Nico Rosberg must wait a few more days to find out if he will need to use a new engine at the Singapore Grand Prix, following his problems at Monza.
Mercedes elected to use all its engine development tokens for an upgrade of its power unit at Monza as it eyed early development work for 2016.
However, a cooling system issue on Rosberg's power unit caused a problem in final practice and he was forced to revert to the previous specification engine. That unit then failed in the closing stages of the race.
Mercedes motorsport boss Toto Wolff said the engine would now be investigated at its Brixworth headquarters to find out if it can be used again.
If not, Rosberg will have to switch to his fourth power unit for Singapore.
"We don't know yet whether it is terminally damaged," said Wolff. "And to make the point – it wasn't an engine specific failure we had. It was a leak in the cooling system which led to the engine to fail."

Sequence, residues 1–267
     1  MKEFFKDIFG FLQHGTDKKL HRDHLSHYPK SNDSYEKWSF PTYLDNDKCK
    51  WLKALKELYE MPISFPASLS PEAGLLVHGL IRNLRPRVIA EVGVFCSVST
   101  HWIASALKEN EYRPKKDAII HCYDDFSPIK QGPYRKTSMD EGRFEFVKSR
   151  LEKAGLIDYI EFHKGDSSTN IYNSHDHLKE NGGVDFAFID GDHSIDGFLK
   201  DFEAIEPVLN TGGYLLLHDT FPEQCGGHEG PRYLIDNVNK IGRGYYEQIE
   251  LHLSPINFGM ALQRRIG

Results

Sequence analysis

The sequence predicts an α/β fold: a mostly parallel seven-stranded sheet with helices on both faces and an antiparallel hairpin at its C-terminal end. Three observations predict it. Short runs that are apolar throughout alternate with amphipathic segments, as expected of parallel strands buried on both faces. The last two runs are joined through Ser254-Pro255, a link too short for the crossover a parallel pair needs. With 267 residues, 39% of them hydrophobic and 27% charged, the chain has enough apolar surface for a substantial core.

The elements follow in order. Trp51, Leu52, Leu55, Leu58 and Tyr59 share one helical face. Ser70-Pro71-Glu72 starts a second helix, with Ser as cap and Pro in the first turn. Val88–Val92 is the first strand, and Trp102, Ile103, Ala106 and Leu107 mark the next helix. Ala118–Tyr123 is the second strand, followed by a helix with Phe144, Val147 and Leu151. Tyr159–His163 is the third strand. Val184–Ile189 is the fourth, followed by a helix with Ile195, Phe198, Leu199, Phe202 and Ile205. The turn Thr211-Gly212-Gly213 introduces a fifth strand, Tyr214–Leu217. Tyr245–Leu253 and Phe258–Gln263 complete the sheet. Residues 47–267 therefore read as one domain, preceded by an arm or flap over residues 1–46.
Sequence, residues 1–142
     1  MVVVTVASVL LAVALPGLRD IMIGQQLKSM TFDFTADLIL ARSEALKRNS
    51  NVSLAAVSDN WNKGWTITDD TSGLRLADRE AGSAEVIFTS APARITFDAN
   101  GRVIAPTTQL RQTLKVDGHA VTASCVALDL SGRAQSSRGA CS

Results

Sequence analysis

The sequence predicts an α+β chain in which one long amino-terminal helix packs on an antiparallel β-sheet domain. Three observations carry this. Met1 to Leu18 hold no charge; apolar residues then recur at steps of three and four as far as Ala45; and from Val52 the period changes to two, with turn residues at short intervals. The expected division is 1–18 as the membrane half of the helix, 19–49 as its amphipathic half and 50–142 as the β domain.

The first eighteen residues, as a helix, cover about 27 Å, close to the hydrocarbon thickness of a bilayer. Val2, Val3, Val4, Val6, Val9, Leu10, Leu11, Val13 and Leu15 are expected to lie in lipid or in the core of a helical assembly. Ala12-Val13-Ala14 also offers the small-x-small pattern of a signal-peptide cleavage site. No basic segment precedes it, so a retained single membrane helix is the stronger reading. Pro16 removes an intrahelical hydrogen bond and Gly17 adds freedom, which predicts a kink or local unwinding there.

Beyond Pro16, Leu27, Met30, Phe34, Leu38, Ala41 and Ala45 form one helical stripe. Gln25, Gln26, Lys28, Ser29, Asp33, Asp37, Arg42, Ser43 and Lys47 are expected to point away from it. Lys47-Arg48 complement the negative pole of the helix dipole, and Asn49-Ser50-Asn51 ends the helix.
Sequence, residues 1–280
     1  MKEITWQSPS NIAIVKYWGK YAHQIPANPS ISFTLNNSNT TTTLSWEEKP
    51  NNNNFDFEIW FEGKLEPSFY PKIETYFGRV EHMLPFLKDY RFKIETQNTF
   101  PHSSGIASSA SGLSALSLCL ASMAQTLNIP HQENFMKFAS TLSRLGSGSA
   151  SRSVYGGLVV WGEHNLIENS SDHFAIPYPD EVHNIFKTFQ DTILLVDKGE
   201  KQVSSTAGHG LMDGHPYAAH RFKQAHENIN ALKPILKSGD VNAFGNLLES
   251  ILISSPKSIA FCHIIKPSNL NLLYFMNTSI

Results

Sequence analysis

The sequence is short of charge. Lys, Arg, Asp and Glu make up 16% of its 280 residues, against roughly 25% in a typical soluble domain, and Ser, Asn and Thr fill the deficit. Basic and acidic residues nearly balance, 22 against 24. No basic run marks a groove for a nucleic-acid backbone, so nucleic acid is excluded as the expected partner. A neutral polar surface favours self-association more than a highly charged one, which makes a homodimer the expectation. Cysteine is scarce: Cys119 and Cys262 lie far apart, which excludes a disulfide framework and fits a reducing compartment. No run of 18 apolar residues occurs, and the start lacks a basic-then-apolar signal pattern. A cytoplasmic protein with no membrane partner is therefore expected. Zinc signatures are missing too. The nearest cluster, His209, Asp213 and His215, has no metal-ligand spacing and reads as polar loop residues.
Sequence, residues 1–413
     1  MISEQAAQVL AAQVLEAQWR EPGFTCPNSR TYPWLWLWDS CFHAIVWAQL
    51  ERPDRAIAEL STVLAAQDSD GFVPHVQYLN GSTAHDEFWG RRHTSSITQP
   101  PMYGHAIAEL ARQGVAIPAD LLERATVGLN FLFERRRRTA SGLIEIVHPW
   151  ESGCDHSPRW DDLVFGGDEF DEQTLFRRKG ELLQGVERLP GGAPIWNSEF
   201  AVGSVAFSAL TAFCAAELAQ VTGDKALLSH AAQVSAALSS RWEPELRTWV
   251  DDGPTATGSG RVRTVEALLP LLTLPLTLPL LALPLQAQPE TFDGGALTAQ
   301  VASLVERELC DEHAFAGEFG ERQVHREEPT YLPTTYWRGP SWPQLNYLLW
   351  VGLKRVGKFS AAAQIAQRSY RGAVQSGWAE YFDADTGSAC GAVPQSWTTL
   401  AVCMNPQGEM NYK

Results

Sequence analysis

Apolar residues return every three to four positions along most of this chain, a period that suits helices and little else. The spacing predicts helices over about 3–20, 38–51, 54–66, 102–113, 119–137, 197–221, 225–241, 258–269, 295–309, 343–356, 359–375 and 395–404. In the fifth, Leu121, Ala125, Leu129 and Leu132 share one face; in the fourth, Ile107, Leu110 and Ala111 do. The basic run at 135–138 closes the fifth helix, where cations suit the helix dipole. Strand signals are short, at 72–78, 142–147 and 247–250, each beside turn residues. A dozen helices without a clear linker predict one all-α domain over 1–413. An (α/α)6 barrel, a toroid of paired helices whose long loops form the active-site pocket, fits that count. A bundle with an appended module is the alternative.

When asked if there had been any early warning prior to Rosberg's failure, Wolff said: "The engine was on its sixth race, so it was very high on miles. We didn't get any warnings, no.
"We gave it a little push to try to catch up Sebastian [Vettel] and this is when it decided to call it a day."
Early work better
Although the engine situation was not ideal for Mercedes, Wolff said that bringing in its bold upgrade strategy was essential for it to make the progress it wants for 2016.
"We brought that phase four engine because we want to understand if the direction of development was the right one," he said. "It was a bit of a risky call.
"We saw what happened to Nico and that was the result of that engine. The reliability runs were on quite a high mileage but they weren't finished yet, so in hindsight we lost a car and Nico lost valuable points.
"But this is a very competitive championship. It is going to be one next year and the earlier you can understand which direction you need to go, the better it is."